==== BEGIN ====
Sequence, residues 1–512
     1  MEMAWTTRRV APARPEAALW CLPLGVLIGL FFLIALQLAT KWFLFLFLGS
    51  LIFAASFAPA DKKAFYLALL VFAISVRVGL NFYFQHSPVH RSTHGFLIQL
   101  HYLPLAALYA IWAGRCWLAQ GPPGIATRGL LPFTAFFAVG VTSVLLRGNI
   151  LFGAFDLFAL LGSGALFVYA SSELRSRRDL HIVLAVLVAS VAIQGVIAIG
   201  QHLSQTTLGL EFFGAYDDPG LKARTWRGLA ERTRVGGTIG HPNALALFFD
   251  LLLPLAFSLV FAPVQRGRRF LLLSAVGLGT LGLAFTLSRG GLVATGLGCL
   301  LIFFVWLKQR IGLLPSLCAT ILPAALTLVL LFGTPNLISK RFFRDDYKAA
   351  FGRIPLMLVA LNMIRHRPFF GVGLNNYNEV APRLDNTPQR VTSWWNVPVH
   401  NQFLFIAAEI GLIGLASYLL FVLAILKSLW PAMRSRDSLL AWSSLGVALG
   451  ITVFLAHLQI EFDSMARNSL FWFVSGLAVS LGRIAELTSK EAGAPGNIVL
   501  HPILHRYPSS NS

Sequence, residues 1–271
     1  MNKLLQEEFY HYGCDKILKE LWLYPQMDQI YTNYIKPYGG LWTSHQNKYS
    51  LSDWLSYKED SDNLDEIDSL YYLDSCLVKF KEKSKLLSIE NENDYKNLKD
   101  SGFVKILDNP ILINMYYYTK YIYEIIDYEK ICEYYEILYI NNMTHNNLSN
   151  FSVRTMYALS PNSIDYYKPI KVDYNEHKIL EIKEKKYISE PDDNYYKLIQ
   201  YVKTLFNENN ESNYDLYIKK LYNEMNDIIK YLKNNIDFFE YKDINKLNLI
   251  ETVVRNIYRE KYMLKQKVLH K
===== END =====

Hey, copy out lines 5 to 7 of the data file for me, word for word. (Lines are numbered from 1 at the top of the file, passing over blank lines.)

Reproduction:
   151  LFGAFDLFAL LGSGALFVYA SSELRSRRDL HIVLAVLVAS VAIQGVIAIG
   201  QHLSQTTLGL EFFGAYDDPG LKARTWRGLA ERTRVGGTIG HPNALALFFD
   251  LLLPLAFSLV FAPVQRGRRF LLLSAVGLGT LGLAFTLSRG GLVATGLGCL